Dax: Ethical Theories

Essay by bigb1015College, UndergraduateA-, October 2014

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Bryan Corbett


Ethical Theory

Dax Reflection Paper

Donald Cowart, otherwise known as "Dax," was a normal person just like anyone else at the start of the summer of 1973. One afternoon, he and his father went to look at a plot of land for sale in Texas unaware that his life was about to change for good. After their surveying was complete, they tried to start their car to no avail. Once the engine finally sparked, the air around Dax and his father ignited, engulfing the pair and their vehicle in flames. Unfortunately, Dax's father did not survive his injuries, however, Dax was rushed to a burn ward and was seemingly stabilized. The doctors are faced with the moral dilemma of treating a patient, Dax, with severe burns, from an explosion, that cover over 80% of his body. The obvious options for the doctors are to either treat Dax, thus increasing his suffering for the greater good of saving his life, or cease treatment, in which Dax would ultimately die from his severe wounds.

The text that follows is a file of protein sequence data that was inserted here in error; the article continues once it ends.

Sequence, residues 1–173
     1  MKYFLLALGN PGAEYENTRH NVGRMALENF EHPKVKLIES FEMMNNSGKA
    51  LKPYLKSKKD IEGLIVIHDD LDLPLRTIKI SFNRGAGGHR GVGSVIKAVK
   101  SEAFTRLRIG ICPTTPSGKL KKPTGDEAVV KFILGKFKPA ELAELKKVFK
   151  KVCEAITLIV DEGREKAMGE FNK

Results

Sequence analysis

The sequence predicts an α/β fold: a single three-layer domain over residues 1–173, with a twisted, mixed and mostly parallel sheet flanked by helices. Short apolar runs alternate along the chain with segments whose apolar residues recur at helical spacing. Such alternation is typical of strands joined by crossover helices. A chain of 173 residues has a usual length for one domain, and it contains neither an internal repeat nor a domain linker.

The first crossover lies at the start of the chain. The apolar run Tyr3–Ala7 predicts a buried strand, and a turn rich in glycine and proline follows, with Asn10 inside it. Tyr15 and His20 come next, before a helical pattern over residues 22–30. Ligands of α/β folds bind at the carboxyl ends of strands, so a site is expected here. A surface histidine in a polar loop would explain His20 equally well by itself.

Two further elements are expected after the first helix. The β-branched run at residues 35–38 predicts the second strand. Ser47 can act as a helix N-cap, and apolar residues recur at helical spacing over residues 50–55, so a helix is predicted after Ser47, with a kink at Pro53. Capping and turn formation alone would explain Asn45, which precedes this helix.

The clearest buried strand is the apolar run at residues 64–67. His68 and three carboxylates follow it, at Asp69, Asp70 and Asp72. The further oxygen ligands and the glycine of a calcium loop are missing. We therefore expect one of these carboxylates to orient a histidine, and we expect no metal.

The moral argument for saving Dax's life, the standpoint the doctors come from, is that of Beneficence and the principle of the Sanctity of Life. Sanctity of Life is the principle that "God gave life, and therefore only God can take it away." Because we were made in God's image, we are of the highest quality and "special." In this case, the doctors have a duty to not take life. By this principle, it is their duty to do what they can and let God take the life of Dax should God choose to do so.

Beneficence, fundamentally, is doing the ultimate good. In the field of medicine, this pertains to the preservation of life, restoration of health,